Germany’s governing coalition hopes to boost investment power among municipalities in the Federal Republic, planning to offer them an additional €5 billion over the next few years. EURACTIV Germany reports.
Germany’s federal government intends to increase its planned investment programme to €15 billion, with an eye on cities and municipalities. A meeting of high-ranking coalition members agreed to top up the €10 billion plan, which was scheduled to be implemented by 2018, with a €5 billion investment programme for municipalities.
First and foremost, it is meant to benefit financially weak cities and municipalities. These are to be assisted in dismantling the investment jam for roads, schools and municipal buildings.
Despite the additional spending, German Finance Minister Wolfgang Schäuble expects to reach the target of a balanced budget, a Ministry spokesman said.
So far, Schäuble and German Chancellor Angela Merkel had been against the increase, saying stocking up the programme could first be decided when the appropriate finances are available.
Asked how the boost is possible, Economic Affairs Minister Sigmar Gabriel said, “because the leeway is there”.
European Commission President Jean-Claude Juncker told Reuters on Tuesday (3 March) evening that Germany has an investment gap like all other EU countries but additional spending, even on a municipal plan, puts the country on a good path.
“Germany is moving in the right direction,” Juncker said.
The goal of the government’s initiative is to dismantle the considerable backlog in Germany with regard to infrastructure investment, such as for road construction, broadband networks and energy capacity. In addition, spending on future industries is intended to ensure Germany’s economic might.
The government’s initiative consists of three components. Firstly, Schäuble intends to make €7 billion available between 2016 and 2018 for additional investments. According to Gabriel, almost €4.5 billion will go to the transportation industry and the digital infrastructure.
“We will double that which we have planned in the coalition agreement,” the Economic Affairs Minister indicated.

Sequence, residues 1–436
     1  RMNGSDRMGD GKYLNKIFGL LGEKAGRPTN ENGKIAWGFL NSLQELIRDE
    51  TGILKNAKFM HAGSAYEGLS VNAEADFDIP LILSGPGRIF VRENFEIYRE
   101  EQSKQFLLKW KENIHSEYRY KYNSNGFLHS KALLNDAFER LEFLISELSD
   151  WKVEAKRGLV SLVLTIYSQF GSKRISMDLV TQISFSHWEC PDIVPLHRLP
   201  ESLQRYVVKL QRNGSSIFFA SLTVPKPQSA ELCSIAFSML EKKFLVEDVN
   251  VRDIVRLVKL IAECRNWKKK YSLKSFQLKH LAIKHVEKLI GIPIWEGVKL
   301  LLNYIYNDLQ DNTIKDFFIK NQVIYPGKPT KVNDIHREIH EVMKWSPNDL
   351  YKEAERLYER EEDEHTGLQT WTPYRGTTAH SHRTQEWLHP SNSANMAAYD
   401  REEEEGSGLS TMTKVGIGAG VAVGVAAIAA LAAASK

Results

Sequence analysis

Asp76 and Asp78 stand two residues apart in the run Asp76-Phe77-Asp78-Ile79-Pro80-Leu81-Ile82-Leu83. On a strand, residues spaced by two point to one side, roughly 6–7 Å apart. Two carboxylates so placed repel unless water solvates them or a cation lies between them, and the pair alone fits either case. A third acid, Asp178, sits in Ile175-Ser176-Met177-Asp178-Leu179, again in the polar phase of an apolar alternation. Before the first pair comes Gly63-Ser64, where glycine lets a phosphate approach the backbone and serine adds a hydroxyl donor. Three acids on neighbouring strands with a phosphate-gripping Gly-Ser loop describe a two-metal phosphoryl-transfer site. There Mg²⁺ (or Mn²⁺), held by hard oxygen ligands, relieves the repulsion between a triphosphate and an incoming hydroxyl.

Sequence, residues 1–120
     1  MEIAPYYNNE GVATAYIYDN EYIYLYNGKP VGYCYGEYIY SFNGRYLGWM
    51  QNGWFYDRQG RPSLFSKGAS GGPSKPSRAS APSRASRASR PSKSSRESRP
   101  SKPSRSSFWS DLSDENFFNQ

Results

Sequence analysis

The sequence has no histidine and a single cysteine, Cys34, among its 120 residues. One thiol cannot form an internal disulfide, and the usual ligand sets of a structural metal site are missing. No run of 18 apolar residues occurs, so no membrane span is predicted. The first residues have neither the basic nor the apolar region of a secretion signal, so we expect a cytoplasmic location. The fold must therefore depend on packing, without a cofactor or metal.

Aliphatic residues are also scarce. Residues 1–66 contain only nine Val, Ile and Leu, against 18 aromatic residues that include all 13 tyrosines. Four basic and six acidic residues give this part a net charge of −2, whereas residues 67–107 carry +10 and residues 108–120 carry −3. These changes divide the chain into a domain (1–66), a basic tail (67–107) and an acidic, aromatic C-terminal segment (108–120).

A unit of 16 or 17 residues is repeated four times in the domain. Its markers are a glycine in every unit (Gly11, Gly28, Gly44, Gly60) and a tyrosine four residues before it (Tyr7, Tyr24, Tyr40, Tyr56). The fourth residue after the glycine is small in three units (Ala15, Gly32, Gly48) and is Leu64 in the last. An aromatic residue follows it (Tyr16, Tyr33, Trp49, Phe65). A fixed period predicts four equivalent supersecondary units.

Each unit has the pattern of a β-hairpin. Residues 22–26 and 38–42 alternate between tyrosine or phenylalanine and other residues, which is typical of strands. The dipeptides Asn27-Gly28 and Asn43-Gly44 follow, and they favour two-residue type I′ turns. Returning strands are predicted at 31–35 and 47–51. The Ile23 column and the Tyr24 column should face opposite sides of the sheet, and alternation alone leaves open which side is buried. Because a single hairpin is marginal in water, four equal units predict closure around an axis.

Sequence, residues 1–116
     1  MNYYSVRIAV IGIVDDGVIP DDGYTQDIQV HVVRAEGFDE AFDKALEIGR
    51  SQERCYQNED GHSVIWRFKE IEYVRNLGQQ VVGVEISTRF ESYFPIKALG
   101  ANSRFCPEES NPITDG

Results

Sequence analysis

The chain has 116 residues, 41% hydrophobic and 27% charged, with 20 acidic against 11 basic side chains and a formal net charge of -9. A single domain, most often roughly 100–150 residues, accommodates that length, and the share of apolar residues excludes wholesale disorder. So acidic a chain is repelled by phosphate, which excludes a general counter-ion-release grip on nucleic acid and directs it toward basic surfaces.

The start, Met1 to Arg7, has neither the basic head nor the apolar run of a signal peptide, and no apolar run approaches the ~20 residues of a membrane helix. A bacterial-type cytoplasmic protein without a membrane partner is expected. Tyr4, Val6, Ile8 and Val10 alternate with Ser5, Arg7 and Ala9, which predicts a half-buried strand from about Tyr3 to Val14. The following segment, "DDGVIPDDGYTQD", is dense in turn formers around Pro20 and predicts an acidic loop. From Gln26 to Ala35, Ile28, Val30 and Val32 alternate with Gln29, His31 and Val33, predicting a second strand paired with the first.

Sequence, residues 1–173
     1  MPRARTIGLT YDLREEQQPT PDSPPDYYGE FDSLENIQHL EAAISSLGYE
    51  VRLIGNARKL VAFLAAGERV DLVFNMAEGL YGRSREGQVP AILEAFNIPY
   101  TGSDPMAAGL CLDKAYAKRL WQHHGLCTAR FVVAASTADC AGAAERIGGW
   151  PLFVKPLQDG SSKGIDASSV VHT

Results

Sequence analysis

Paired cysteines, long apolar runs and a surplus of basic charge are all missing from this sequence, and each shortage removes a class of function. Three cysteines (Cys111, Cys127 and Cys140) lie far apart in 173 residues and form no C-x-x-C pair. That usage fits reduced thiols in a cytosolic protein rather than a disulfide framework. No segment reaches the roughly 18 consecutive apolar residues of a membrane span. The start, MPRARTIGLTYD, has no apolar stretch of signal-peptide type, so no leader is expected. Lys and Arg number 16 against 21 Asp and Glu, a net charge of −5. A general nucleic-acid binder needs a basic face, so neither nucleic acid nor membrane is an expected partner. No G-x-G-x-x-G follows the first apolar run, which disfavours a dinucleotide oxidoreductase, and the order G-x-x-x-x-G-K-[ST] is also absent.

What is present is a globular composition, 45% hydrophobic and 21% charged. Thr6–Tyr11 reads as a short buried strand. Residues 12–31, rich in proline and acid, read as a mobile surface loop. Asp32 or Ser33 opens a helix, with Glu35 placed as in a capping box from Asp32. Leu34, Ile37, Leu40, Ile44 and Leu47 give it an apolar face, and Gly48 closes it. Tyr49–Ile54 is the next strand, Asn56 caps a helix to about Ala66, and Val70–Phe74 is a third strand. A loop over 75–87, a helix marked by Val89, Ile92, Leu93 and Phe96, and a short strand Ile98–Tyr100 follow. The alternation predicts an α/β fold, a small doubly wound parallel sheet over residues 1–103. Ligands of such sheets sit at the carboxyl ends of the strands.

An additional €1.2 billion are expected to be invested in energy efficiency. Around €700 million are allocated for urban development, kindergartens and other public buildings.
A second portion, worth €3 billion, which the individual departments were originally supposed to save, is allocated to finance the care allowance for families. Now, Schäuble will take this out of tax revenues. The resources freed up by this shift are intended to be invested by the ministries.
The third portion is the municipal investment programme. “More than half of public investments come from the municipalities,” Gabriel said.
Because of financial weakness in many cities and municipalities, their investment power has suffered significantly, he said. €1.5 billion is to be additionally allocated to the municipalities starting in 2017. A planned special investment fund of €3.5 billion is only intended for financially weak municipalities. The special investment fund is scheduled to expire in 2018.
Gabriel estimated the volume of relief payments for the municipalities, which are to be or have been implemented within this parliamentary term, to be far above €20 billion. “That is the largest municipal relief programme that has existed for decades,” the Economic Affairs Minister said. In the long term, the municipalities should be freed of all the burdens related to accommodating refugees.
Schäuble, Gabriel, Transportation Minister Alexander Dobrindt, the head of the Federal Chancellery, Peter Altmaier, as well as the chairs of the governing factions, agreed on the key points of the government’s investment initiative. The supplementary budget needed for the implementation of the initiative, as well as additional necessary legislative changes will be put forward for a resolution in the federal cabinet on 18 March 2015, together with the budget’s benchmark figures for the years 2016 to 2019.
European Commission President Jean-Claude Juncker has announced a plan to mobilise €300 billion in an effort to jumpstart the European economy.
Boosting the Luxembourg-based European Investment Bank's (EIB) capital is the central part of the plan.
The details of the plan will be given in November, and presented to EU heads of states at a European Council meeting in December.
Jyrki Katainen, the Commissioner for Jobs, Growth, Investment and Competitiveness, has said that the growth package should include public and private partnerships, increased lending capacity for the EIB and other EU lending bodies, more “future investment” by EU nations in areas such as infrastructure and the completion of the single market.